Another nurse I've come into contact with during home health care shared a tale of her son who was hospitalized in another state after a severe accident and called his mom, wanting to know what he needed to do, since he was still in college and on her insurance at the time. She said first and foremost to make sure that the doctors and nurses knew that he had a severe allergy to sulfa and not to give him anything that contained it and she'd be on her way. Once she arrived, she was horrified to find her son's entire arm swollen as well as the side of his face to where he could barely speak. The "no sulfa" band was clearly on his arm, but mom was clearly livid. She demanded to see the doctor who ordered the IV he was being given, which, of course, contained sulfa. The doctor, as most doctors do when challenged, took an arrogant tone and assumed that a patient's mother must be an idiot, not realizing she was a nurse, and when she asked if he didn't notice the notes that said her son was allergic to sulfa started to try to act like he was smarter with a "With chemisty..." before he could finish his pompous excuse, she stopped him with, "OK, let's start with chemistry. That's what I got my first degree in." There are good doctors, but they hate being challenged ever. That's why I've fired many in my lifetime. They need to be reminded often that they are the employee and the patient is the employer. It's good to give them a swift kick in the ego.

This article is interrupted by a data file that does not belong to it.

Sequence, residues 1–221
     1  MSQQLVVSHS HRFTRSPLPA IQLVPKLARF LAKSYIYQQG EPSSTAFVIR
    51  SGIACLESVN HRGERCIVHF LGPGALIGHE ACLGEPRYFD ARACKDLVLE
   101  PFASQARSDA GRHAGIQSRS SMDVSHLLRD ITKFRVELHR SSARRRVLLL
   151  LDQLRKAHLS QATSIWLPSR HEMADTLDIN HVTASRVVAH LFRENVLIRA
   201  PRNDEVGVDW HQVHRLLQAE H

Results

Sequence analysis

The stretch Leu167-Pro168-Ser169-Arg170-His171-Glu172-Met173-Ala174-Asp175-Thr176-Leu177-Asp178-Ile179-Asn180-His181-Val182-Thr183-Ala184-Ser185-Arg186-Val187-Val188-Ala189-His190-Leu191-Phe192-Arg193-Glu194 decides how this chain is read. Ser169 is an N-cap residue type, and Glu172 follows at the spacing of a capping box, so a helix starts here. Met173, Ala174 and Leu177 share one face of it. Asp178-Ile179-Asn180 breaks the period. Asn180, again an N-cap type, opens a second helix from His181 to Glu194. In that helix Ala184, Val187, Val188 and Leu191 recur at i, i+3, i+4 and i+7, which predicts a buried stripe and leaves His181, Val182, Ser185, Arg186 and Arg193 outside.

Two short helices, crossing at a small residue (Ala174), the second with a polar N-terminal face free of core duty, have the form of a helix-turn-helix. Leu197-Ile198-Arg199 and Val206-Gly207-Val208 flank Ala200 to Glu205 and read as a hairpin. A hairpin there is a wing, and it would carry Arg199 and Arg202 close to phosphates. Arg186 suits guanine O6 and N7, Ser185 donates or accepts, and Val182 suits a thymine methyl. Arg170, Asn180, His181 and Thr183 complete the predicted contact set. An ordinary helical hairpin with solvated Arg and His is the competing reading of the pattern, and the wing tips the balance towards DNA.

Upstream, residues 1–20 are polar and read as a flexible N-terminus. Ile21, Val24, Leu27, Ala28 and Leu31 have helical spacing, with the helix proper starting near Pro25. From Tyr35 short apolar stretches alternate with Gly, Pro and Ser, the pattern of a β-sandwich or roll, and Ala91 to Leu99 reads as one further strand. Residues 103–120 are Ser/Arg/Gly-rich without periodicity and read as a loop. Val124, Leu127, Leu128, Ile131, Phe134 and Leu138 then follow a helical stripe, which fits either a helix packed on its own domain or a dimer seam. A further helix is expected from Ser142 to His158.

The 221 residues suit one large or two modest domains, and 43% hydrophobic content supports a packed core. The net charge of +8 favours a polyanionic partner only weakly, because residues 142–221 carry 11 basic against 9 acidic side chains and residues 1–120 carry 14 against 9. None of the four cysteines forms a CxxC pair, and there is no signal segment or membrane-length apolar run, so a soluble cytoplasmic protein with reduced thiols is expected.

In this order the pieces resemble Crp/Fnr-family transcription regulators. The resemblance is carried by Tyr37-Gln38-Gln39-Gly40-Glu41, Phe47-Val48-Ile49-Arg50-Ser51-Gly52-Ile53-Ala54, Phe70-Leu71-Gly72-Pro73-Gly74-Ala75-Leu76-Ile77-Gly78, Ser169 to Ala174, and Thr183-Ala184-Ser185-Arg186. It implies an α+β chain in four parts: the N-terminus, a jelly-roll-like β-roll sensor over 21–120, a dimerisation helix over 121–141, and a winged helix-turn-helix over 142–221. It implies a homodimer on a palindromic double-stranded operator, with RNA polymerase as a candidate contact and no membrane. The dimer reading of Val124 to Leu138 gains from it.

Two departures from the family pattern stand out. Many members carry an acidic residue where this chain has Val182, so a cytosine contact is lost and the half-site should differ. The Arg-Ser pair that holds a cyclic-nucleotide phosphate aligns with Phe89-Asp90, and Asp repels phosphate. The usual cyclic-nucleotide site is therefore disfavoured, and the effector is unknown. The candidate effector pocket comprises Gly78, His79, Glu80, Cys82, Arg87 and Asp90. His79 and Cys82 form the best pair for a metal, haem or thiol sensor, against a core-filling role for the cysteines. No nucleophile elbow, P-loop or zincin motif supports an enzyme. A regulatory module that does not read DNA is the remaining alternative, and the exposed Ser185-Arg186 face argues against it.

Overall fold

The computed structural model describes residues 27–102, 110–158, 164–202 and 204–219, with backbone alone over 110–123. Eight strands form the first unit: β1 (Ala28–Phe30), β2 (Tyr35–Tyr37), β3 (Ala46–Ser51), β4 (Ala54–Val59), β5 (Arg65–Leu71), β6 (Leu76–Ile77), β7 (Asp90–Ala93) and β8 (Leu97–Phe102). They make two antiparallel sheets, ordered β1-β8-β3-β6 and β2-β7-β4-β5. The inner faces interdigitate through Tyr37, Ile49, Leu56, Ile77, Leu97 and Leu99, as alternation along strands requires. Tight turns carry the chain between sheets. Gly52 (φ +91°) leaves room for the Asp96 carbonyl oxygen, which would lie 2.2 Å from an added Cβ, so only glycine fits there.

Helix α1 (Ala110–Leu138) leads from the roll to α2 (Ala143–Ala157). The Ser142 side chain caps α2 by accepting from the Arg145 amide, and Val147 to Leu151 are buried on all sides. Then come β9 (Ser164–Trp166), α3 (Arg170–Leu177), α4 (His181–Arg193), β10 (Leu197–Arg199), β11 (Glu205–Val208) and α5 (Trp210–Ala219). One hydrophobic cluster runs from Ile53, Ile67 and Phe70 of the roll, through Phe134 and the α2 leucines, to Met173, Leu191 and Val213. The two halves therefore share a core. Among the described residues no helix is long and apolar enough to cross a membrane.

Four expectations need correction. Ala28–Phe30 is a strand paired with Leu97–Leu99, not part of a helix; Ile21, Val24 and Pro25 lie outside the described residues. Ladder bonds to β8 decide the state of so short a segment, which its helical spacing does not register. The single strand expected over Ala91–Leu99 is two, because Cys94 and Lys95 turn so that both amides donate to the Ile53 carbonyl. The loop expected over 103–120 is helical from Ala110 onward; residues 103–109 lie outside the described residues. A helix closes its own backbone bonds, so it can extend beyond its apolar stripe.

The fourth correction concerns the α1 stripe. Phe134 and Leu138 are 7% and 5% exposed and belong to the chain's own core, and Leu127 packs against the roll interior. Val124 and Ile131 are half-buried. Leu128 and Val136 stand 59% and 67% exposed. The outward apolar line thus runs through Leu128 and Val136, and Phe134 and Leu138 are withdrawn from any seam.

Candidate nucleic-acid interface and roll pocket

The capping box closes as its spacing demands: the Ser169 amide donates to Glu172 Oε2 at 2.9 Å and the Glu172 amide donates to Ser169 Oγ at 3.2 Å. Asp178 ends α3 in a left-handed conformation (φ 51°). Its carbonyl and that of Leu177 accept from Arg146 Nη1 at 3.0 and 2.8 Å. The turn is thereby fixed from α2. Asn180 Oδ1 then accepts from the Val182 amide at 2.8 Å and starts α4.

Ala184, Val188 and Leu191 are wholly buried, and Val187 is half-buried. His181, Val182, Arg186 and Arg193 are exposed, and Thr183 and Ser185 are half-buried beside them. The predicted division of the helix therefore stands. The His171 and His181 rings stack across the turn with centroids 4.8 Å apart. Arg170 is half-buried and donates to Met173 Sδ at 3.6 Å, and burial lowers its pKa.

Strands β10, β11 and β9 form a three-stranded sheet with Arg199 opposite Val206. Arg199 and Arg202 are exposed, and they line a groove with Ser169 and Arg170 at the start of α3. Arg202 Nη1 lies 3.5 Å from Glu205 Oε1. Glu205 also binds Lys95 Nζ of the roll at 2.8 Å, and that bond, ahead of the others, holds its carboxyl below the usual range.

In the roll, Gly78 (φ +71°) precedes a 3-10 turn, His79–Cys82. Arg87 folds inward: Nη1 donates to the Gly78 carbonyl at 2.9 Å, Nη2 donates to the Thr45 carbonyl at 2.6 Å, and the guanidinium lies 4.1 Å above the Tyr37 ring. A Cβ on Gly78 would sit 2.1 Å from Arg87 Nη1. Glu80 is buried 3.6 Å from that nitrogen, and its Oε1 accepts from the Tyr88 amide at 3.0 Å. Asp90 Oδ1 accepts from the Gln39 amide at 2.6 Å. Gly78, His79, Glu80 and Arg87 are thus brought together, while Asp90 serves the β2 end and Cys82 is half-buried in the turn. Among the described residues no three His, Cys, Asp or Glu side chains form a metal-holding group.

When I was first admitted to the hospital in May 2008, I was admitted by a very arrogant hospitalist, who came in once a day to check my heartbeat and lungs, ask me how I was doing and pretend he was listening. He was so obviously not paying attention, I toyed with the idea of saying ridiculous things like, "I'm OK, but last night a penguin came running across the floor of the room and then ran out again," just to see if he even noticed. One day, he pissed me off about something and he got into my face -- and you only do that once. The next year, when I had to be admitted to the hospital again, he came into the ER room where I was and introduced himself -- of course, he didn't remember me -- and said he'd be admitting me. "No, you aren't," I replied. "You admitted me last year and you were an arrogant asshole. Find someone else." I can't tell you how much I enjoyed the sight of his chin hitting the ER's linoleum.

This has already grown very long, so I think I'll save the rest of my tale for part II.


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  • For those people who oppose health reform, it is usually the case that they are sitting on the other side of the fence and have not experienced the significant difficulties associated with being ill.

    The lack of empathy of these individuals for those who are suffering is unfortunate and points to a significant lack of awareness because accusations are often made about freeloaders. It is not as if people choose to be ill or have much option to not seek treatment when they are ill.

    By Anonymous Wellescent Health, at 4:25 PM